it's nice to be back
Indeed, it's nice. The loss of advogato left me without an outlet for my journalling. Why I can't journal in private, I don't know. But I'm back, and it feels good.
Oleg Kiselyov wrote a SAX XML parser for scheme, SSAX. The really interesting thing about it is that as it parses, it performs a tree-fold over the abstract syntax tree of the document. The user supplies the fold procedures, which are expected to modify a seed that they receive in their arguments. As the state of the parser is reflected in the scheme stack itself, the user is freed from maintaining her own stack of open elements. It's simple to program for, and the idea of a seed being threaded through the document is very beautiful. My mind was opening as I read his code.
As I mentioned before on advogato, I am of the opinion that texinfo is a wonderful document-writing format, and also that info sucks. I had written one texinfo-processing framework, but its sexp realization was a kludge, and the parser itself wasn't too pretty either. It didn't even chunk the content into paragraphs when necessary, rather leaving users to interpret raw newlines.
After reading Oleg's code, I decided that it was time to do the job nicely. Also, this would bring texinfo into the realm of XML processing, an area full of activity. It took me about a month or so, on top of doing a lot of work at school, but that's what I did. I'm happy now. I've never written a beautiful parser before. (It can be found in the guile-lib--wingo under my arch archive, firstname.lastname@example.org.)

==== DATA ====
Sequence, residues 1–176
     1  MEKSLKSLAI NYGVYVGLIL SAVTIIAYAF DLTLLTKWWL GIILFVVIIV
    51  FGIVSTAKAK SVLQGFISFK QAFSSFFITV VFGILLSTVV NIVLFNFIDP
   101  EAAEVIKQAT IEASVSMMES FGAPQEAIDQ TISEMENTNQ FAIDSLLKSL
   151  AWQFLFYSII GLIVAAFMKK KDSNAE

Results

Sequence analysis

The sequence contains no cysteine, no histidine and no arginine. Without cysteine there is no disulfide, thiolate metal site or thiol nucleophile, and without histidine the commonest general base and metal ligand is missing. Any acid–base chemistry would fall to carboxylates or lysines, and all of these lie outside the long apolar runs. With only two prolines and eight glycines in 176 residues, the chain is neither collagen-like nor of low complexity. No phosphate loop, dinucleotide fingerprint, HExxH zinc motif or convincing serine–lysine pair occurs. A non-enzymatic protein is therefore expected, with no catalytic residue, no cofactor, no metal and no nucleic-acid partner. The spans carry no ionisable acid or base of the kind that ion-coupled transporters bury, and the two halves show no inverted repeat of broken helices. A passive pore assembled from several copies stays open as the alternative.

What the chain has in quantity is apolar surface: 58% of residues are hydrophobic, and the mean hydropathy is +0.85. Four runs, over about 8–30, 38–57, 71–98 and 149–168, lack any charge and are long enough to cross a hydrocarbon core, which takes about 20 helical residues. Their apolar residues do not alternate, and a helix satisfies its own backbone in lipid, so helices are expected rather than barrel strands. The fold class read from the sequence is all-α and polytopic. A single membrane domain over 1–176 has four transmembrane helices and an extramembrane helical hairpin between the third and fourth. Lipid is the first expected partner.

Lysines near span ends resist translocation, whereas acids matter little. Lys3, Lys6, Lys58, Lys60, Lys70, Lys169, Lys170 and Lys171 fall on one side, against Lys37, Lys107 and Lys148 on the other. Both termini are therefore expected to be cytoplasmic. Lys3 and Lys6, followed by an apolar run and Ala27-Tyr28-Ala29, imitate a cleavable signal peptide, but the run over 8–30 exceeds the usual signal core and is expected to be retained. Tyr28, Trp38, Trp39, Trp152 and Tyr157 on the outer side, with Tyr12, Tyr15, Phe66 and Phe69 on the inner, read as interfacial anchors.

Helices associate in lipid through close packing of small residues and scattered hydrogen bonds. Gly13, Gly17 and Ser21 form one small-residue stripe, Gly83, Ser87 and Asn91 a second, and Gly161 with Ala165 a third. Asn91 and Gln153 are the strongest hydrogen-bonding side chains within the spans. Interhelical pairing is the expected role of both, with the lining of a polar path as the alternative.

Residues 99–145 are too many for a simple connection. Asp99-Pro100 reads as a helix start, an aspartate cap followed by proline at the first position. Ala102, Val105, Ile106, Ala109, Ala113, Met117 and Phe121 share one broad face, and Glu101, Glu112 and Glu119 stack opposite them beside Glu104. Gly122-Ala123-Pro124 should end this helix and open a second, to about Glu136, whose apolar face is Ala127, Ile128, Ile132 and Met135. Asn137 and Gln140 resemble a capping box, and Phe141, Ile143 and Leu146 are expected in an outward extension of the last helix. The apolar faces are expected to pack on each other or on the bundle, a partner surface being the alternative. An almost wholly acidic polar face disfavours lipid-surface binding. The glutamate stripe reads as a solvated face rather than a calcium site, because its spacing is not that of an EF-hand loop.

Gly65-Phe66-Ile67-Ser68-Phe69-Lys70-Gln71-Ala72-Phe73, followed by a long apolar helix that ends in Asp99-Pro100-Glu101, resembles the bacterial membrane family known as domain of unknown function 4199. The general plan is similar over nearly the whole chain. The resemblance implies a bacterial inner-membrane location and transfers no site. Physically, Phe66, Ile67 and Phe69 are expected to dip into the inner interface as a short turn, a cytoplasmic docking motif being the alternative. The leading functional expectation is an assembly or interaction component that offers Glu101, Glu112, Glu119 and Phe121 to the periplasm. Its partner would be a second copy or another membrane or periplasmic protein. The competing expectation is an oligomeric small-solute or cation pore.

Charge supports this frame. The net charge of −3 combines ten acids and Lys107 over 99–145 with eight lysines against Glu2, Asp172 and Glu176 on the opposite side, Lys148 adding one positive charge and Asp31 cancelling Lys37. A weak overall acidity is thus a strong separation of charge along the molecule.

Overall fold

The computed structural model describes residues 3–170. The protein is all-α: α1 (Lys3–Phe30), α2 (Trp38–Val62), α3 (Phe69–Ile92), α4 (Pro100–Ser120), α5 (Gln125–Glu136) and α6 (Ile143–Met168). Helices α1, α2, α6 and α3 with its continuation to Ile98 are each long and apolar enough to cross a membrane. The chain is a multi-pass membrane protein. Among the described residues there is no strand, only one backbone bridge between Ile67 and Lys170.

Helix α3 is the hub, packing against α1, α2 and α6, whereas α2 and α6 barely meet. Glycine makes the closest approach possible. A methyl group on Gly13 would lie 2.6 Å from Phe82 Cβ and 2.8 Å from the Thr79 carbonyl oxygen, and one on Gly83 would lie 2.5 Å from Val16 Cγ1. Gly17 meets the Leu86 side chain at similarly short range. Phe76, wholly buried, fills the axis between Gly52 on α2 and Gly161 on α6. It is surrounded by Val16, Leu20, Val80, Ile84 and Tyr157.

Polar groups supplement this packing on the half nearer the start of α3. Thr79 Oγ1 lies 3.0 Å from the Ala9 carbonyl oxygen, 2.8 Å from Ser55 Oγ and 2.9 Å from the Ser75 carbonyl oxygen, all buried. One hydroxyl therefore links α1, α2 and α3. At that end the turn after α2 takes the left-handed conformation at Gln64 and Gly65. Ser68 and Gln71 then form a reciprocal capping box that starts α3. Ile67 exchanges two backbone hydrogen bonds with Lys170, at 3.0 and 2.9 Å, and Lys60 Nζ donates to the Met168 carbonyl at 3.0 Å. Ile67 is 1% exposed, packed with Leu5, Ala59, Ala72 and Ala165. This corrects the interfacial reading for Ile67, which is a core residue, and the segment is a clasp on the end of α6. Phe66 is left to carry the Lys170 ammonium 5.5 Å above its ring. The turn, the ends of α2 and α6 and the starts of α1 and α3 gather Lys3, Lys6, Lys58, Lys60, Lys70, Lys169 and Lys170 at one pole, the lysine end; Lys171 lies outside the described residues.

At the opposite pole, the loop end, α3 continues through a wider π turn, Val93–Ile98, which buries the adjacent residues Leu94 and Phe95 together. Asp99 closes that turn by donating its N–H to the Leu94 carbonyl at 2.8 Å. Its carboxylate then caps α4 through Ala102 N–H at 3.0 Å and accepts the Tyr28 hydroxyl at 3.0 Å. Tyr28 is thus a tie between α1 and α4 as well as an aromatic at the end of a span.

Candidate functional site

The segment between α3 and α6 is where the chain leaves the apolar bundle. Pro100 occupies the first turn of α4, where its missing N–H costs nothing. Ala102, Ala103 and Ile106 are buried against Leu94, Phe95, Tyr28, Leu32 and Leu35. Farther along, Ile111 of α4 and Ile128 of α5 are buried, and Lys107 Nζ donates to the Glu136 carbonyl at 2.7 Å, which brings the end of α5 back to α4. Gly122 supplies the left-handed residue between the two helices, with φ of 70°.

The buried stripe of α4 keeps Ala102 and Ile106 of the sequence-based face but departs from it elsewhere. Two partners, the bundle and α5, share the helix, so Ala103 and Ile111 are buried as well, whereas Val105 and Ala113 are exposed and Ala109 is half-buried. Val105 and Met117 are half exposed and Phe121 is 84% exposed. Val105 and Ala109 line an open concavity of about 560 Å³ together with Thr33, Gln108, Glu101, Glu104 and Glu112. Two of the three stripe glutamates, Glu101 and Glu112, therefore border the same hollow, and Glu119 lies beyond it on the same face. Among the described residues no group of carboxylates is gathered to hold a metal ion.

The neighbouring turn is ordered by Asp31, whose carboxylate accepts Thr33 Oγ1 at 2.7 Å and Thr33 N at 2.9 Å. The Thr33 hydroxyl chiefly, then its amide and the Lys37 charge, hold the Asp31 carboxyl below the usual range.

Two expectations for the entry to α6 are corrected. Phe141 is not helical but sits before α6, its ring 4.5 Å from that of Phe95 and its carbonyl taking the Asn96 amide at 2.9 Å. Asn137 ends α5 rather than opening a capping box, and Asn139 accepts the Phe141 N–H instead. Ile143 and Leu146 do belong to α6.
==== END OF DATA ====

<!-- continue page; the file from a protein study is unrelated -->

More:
profiling in scheme
After seeing the performance of my new parser, especially compared to the old one, I was worried that I had failed. Of course it analyzed a lot more of the semantic content of the document, but still, it ran a noticeable three times slower.
Rather than give up, I started looking for a good profiler for guile. I found one in statprof, languishing in guile CVS. Statprof is a statistical profiler, like qprof, except it reads guile debug stack frames rather than the C stack frames. It is rather good at profiling scheme code, even offering the ability to instrument function calls. Best of all, it's written in pure scheme, which is fun to hack on. I added the ability to
The big win was to call functions that were implemented in C. Even though they might not have been as optimal, algorithmically speaking, the fact that they were written in C made them a lot faster. I wonder what the balance would be in a scheme that supports compilation.
I caught the affliction of object-oriented programming a few years ago. I wanted objects everywhere. I couldn't bear to program any other way---it just felt dirty.
Then I learned Scheme. At first, I programmed in much the same way---always using slot-set! on GOOPS objects---but as I read more of the Scheme / Lisp literature, I began to feel dirty again. This time, my affliction was functional programming. It started with SICP teaching me about referential transparency, and is just now reaching its peak.
Some things are taking the edge off my fervor, though. Paul Graham's On Lisp supports functional interfaces, even if within a procedure or set of procedures some imperative programming is used (reverse!, for instance). Imperative programming is what adds semantic spice to call/cc and closures with shared state, and hey, I still use objects these days, but in more appropriate circumstances.
At the same time, I am falling strongly towards a more powerful affliction: everything-in-scheme. Despite the complexity of wordpress, I was tempted to roll a blog myself just so that it could be implemented in scheme. But that would lead me to do all sorts of stupid things: mod_guile, database access, etc. Then I would never release soundscrape!
mom got drunk, and dad got drunk...
at our christmas party... we were drinkin champagne punch and homemade eggnog...
Rose up some hell last weekend in the village, serenading various bars with Robert Earle Keen Jr. They had all closed, and the shopkeepers had gone to sleep inside their stores. Nobody opened up for us, though! One woman who runs the family's bar there said she thought we were botsotsos (thieves). Which thieves rob people with guitars?
My code looks stupid after reading On Lisp. Damn.